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Knowledge and Culture on Entrepreneurship

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  • Petrakis, Panagiotis
  • Kostis, Pantelis

Abstract

The paper contributes to the interpretation of entrepreneurship based on the effect of knowledge and the cultural background. Entrepreneurship is defined as both the self-employment and the entry density rates, comparing the two models. The present paper uses a series of variables to express these effects, which are analysed with a principal component analysis and a regression analysis. The results confirm that cultural background strongly affects both entrepreneurship rates. Knowledge creation does not affect entrepreneurship rates, as its impact on entrepreneurship is long-lasting (it could reach more or less 10 years) and not a short-term one. Simultaneously, knowledge impact affects negatively the self-employment rates and positively the entry density rates in the economies. Furthermore, performing a sensitivity analysis on knowledge and cultural background, the conclusions confirm that cultural background has a strong interpretive role in both entrepreneurship rates. Moreover, under the new prevailing conditions the creation of knowledge and the impact of knowledge have a negative effect on self-employment, while the effect of knowledge impact is strengthened in the cases where we increase knowledge and it is weakened where we decrease the knowledge variables.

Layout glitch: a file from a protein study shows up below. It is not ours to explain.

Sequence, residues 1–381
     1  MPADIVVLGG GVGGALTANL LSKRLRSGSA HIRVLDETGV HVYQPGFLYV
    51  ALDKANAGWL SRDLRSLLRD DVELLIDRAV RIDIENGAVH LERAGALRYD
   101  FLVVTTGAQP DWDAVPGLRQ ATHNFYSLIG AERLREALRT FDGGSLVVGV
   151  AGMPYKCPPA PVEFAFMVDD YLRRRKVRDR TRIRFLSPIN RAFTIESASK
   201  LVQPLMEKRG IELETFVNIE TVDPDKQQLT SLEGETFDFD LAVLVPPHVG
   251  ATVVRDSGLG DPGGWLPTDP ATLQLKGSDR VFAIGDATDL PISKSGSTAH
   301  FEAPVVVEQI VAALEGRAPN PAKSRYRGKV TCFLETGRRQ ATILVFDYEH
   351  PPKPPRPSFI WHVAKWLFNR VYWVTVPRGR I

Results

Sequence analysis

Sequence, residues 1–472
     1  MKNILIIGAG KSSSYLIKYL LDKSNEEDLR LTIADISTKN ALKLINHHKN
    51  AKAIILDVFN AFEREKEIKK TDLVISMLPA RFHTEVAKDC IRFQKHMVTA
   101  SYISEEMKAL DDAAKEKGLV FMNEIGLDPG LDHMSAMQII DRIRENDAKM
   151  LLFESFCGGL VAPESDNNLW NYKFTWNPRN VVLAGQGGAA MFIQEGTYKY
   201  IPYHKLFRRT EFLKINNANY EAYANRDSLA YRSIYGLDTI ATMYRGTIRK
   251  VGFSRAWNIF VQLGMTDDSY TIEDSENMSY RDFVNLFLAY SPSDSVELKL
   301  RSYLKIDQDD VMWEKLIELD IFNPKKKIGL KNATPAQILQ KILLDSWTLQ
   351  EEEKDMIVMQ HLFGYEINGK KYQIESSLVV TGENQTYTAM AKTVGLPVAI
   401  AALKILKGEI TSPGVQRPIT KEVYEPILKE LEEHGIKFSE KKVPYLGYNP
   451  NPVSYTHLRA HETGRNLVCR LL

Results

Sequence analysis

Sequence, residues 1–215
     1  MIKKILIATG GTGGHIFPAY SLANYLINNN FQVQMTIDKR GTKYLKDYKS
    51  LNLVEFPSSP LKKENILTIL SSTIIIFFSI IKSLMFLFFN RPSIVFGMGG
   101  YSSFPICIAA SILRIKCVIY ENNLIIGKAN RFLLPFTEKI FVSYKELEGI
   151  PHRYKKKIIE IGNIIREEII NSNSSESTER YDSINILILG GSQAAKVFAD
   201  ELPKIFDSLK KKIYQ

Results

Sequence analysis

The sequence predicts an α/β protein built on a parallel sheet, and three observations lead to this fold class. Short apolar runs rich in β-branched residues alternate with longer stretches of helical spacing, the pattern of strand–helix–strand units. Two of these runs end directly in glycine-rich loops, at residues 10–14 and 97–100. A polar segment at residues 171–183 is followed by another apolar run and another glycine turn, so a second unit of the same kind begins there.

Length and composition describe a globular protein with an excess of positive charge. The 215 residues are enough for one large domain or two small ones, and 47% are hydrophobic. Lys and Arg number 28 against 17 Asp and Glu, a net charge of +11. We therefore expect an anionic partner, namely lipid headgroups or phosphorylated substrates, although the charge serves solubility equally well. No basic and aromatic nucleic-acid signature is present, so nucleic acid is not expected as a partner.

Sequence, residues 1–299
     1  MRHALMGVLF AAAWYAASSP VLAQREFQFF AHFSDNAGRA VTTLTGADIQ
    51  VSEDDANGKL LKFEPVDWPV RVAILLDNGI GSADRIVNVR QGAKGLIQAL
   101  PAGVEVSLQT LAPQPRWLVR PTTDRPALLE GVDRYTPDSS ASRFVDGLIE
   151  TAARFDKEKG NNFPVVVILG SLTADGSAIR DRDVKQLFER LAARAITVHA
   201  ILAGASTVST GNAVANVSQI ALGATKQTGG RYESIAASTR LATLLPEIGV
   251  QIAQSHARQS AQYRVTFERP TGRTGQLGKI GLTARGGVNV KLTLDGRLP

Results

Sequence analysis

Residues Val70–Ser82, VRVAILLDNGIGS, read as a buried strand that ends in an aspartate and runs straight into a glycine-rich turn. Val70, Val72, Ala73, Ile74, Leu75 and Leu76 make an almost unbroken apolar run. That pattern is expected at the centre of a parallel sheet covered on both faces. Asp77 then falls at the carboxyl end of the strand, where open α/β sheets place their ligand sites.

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Bibliographic Info

Paper provided by University Library of Munich, Germany in its series MPRA Paper with number 50541.

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Date of creation: Jul 2012
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Handle: RePEc:pra:mprapa:50541

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Keywords: Cultural background; Entrepreneurship; Entry density; Knowledge; Self-employment;

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